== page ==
“Hello,” the heavily-accented voice on the line said, “this is T-Rex. How can I be of service to you today?”
I was calling about a credit card or maybe my website. I can’t remember for sure, but I needed help and had to place the dreaded call to customer service.
“T-Rex? Your name is T-Rex?”
“Yes, sir, like the dinosaur in Jurassic Park!”
I’m glad he clarified that because I might have thought he was referring to the British band and that would just be weird.
What’s your most memorable chat with India?
Andrew Marantz wrote an amazing piece in Mother Jones about Indian call centers. He actually worked in one!
For three weeks, a culture trainer will teach us conversational skills, Australian pop culture, and the terms of the mobile-phone contracts we’ll be peddling. Those of us who pass the training course will graduate to the calling floor. Our first job at DCC will be to interrupt Australians at dinner and ask them to switch phone providers.
trainees memorize colloquialisms and state capitals, study clips of Seinfeld and photos of Walmarts, and eat in cafeterias serving paneer burgers and pizza topped with lamb pepperoni.
I loved that Marantz puts lives to the voices fixing all of our problems over the phone from the other side of the globe.
Every month, thousands of Indians leave their Himalayan tribes and coastal fishing towns to seek work in business process outsourcing, which includes customer service, sales, and anything else foreign corporations hire Indians to do.
They will earn as much as 20,000 rupees per month—around $2 per hour, or $5,000 per year if they last that long, which most will not. In a country where per-capita income is about $900 per year, a BPO salary qualifies as middle-class. Most call-center agents, however, will opt to sleep in threadbare hostels, eat like monks, and send their paychecks home. Taken together, the millions of calls they make and receive constitute one of the largest intercultural exchanges in history.”
On his first day, Nishant donned his headset, dialed the number on the screen and was connected to a 60-year-old woman in Tennessee. She had an outstanding hospital bill for $400. “I told her, ‘Just pay this, what’s the problem?’ She told me, ‘You don’t understand, I can’t pay.'” They talked for 45 minutes, and the woman cried as she told Nishant about the Iraq War and its toll on American families. “By this time I’m crying also,” Nishant said.
The same day, he was connected with a man living in a trailer. “I told him, ‘What’s a trailer?’ He told me, ‘It’s this tin shed; it gets 90 degrees; we don’t have our own washroom.'” Nishant learned more about America that first day, he told me, than he had in his whole childhood.
“When do we get paid?” asked a young man wearing a Nike cap, yellow-tinted sunglasses, and carefully crafted facial stubble. In New York, I would have pegged him as a party promoter from Long Island City.
“Very funny,” Lekha said. “You’ll be paid for your time, including this training, but only after you’ve stayed two months. You know the drill: We wouldn’t want people taking off as soon as training is over.”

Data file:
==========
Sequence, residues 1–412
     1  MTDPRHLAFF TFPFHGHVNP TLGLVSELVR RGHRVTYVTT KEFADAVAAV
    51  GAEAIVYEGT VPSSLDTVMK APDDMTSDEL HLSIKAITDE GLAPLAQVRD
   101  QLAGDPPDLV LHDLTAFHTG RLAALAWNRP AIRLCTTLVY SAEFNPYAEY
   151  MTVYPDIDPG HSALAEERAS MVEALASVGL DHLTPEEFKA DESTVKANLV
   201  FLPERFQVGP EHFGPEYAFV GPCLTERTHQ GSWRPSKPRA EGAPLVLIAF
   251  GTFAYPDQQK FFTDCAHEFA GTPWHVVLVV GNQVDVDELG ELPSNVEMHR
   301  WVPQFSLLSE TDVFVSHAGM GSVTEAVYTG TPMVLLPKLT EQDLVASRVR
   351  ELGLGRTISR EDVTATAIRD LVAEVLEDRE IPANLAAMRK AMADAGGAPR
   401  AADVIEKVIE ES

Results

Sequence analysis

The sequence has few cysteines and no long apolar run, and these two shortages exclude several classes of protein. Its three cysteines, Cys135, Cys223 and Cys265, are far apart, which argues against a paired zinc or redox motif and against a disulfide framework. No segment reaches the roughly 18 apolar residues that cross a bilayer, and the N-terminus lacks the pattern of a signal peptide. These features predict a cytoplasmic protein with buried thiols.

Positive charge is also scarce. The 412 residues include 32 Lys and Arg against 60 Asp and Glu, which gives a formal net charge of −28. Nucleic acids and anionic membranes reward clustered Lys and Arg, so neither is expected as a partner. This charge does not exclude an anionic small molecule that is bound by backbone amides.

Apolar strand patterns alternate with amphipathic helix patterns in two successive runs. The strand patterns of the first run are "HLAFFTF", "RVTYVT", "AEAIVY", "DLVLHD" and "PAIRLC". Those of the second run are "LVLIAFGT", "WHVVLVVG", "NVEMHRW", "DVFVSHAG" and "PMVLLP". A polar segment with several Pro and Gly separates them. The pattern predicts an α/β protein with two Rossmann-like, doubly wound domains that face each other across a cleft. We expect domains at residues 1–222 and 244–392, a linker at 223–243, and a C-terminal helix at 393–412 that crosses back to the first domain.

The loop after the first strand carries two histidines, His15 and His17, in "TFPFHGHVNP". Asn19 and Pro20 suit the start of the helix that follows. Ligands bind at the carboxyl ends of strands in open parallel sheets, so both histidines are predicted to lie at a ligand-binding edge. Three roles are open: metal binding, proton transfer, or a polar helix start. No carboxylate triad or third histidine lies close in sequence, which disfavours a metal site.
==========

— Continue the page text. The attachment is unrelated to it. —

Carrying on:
During our first cigarette break, Mr. Long Island City revealed that, indeed, his plan was to do precisely that—he’d already gone through this routine at some 15 BPOs around Delhi. “Who needs to stay for the actual work? Plus,” he added, flashing a salacious smile, “that way you meet more girls.”
Call-center employees gain their financial independence at the risk of an identity crisis. A BPO salary is contingent on the worker’s ability to de-Indianize: to adopt a Western name and accent and, to some extent, attitude. Aping Western culture has long been fashionable; in the call-center classroom, it’s company policy. Agents know that their jobs only exist because of the low value the world market ascribes to Indian labor. The more they embrace the logic of global capitalism, the more they must confront the notion that they are worth less.
Australians are dumb and Americans will just shout at you.
“Just stating facts, guys,” Lekha began, as we scribbled notes, “Australia is known as the dumbest continent. Literally, college was unknown there until recently. So speak slowly.” Next to me, a young man in a turban wrote No college in his notebook.
“Technologically speaking, they’re somewhat backward, as well. The average person’s mobile would be no better than, say, a Nokia 3110 classic.” This drew scoffs from around the room.
“Australians drink constantly,” Lekha continued. “If you call on a Friday night, they’ll be smashed—every time. Oh, and don’t attempt to make small talk with them about their pets, okay? They can be quite touchy about animals.”
“What kind of people are there in Australia?” a trainee asked. “What are their traits?”
“Well, for one thing,” Lekha said, “let’s admit: They are quite racist. They do not like Indians. Their preferred term for us is—please don’t mind, ladies—’brown bastards.’ So if you hear that kind of language, you can just hang up the call.”
“Americans will just shout at you,” Sube said. Mittu agreed: “I have only been cursed by Americans. They are sharp-witted and very articulated and yet very free with their anger.”
The call centers prep the BPOs for seven types of callers:
“First is your eccentric!” she yelled.
“Second is your arrogant!
“Third is your bumpkin!
“Fourth is your quarrelsome!
“Fifth is your prudent!
“Sixth is your assertive!
“And seventh is your sweet-spoken!
What kind of caller are you? After reading this piece you might have a little more empathy for the Indian operator on the other end.
And now a message from the other T-Rex!